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James Monroe
Cover of James Monroe
James Monroe
A Life
The extraordinary life of James Monroe: soldier, senator, diplomat, and the last Founding Father to hold the presidency, a man who helped transform thirteen colonies into a vibrant and mighty republic.
"A first-rate account of a remarkable life."—Jon Meacham, Pulitzer Prize-winning author of The Soul of America
Monroe lived a life defined by revolutions. From the battlefields of the War for Independence, to his ambassadorship in Paris in the days of the guillotine, to his own role in the creation of Congress's partisan divide, he was a man who embodied the restless spirit of the age. He was never one to back down from a fight, whether it be with Alexander Hamilton, with whom he nearly engaged in a duel (prevented, ironically, by Aaron Burr), or George Washington, his hero turned political opponent.

This magnificent new biography vividly recreates the epic sweep of Monroe's life: his near-death wounding at Trenton and a brutal winter at Valley Forge; his pivotal negotiations with France over the Louisiana Purchase; his deep, complex friendships with Thomas Jefferson and James Madison; his valiant leadership when the British ransacked the nation's capital and burned down the Executive Mansion; and Monroe's lifelong struggle to reckon with his own complicity in slavery. Elected the fifth president of the United States in 1816, this fiercest of partisans sought to bridge divisions and sow unity, calming turbulent political seas and inheriting Washington's mantle of placing country above party. Over his two terms, Monroe transformed the nation, strengthening American power both at home and abroad.
Critically-acclaimed author Tim McGrath has consulted an extensive array of primary sources, many rarely seen since Monroe's own time, to conjure up this fascinating portrait of an essential American statesman and president.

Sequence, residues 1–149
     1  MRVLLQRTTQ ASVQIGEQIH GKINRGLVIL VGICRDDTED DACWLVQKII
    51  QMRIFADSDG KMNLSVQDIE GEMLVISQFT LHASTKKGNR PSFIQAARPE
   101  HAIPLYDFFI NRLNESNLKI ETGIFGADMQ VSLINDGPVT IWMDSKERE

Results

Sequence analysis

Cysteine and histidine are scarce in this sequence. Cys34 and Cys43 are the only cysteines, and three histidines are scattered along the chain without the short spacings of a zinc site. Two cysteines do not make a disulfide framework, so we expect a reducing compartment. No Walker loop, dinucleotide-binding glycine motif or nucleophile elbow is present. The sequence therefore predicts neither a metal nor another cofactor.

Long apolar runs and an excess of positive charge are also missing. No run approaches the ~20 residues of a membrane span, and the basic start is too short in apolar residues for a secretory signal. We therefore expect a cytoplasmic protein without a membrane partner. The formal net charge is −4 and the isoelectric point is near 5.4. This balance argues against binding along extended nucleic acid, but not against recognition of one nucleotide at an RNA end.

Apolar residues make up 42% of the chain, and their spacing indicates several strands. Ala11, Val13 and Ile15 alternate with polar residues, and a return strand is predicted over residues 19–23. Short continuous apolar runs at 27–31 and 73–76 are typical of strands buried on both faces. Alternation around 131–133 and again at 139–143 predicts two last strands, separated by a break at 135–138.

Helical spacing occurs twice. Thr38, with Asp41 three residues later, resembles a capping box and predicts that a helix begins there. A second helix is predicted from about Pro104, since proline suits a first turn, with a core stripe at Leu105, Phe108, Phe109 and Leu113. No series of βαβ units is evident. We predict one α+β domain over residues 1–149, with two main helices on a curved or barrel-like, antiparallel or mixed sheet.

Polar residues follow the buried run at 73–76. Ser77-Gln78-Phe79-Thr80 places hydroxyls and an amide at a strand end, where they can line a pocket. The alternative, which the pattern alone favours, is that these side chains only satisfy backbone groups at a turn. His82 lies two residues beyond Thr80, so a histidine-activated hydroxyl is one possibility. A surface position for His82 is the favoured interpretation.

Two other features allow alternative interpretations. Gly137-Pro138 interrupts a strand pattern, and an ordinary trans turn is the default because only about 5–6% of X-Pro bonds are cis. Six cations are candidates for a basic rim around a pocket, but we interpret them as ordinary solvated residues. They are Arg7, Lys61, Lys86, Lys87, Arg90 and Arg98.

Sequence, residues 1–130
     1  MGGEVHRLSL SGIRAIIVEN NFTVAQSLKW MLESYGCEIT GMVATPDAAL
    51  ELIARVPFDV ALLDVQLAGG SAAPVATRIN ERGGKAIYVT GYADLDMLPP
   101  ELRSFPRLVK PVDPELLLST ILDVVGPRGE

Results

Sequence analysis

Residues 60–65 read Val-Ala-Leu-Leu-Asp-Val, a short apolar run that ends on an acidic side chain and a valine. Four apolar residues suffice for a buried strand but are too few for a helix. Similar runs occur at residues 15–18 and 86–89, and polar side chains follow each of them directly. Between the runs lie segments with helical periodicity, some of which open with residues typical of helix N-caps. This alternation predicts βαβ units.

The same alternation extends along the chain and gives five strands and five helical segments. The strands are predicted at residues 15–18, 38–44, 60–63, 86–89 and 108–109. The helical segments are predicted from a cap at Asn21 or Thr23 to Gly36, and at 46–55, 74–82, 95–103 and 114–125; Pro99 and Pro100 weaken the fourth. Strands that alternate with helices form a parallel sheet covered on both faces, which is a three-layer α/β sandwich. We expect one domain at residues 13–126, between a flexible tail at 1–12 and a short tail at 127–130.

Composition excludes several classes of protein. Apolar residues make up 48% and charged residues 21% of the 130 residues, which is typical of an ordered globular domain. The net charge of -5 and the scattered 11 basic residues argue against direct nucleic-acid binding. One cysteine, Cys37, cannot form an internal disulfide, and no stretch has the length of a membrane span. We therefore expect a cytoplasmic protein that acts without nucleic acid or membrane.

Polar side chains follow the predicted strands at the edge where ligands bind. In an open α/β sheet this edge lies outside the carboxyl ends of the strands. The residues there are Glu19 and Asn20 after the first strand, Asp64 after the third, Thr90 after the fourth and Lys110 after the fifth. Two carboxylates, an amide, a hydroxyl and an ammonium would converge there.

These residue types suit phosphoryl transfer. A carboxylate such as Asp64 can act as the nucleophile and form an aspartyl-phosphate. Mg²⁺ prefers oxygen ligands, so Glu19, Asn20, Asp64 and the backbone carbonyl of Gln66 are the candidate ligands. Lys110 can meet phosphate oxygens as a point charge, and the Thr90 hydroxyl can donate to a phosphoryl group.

The extraordinary life of James Monroe: soldier, senator, diplomat, and the last Founding Father to hold the presidency, a man who helped transform thirteen colonies into a vibrant and mighty republic.
"A first-rate account of a remarkable life."—Jon Meacham, Pulitzer Prize-winning author of The Soul of America
Monroe lived a life defined by revolutions. From the battlefields of the War for Independence, to his ambassadorship in Paris in the days of the guillotine, to his own role in the creation of Congress's partisan divide, he was a man who embodied the restless spirit of the age. He was never one to back down from a fight, whether it be with Alexander Hamilton, with whom he nearly engaged in a duel (prevented, ironically, by Aaron Burr), or George Washington, his hero turned political opponent.

This magnificent new biography vividly recreates the epic sweep of Monroe's life: his near-death wounding at Trenton and a brutal winter at Valley Forge; his pivotal negotiations with France over the Louisiana Purchase; his deep, complex friendships with Thomas Jefferson and James Madison; his valiant leadership when the British ransacked the nation's capital and burned down the Executive Mansion; and Monroe's lifelong struggle to reckon with his own complicity in slavery. Elected the fifth president of the United States in 1816, this fiercest of partisans sought to bridge divisions and sow unity, calming turbulent political seas and inheriting Washington's mantle of placing country above party. Over his two terms, Monroe transformed the nation, strengthening American power both at home and abroad.
Critically-acclaimed author Tim McGrath has consulted an extensive array of primary sources, many rarely seen since Monroe's own time, to conjure up this fascinating portrait of an essential American statesman and president.
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    Chapter One

    “A Worthy and Respectable Citizen”

    We then rallied and returned to the action.

    —James Monroe

    Like most land-owning families in colonial Virginia, the Monroes traced their presence in the New World to an Old World adventurer.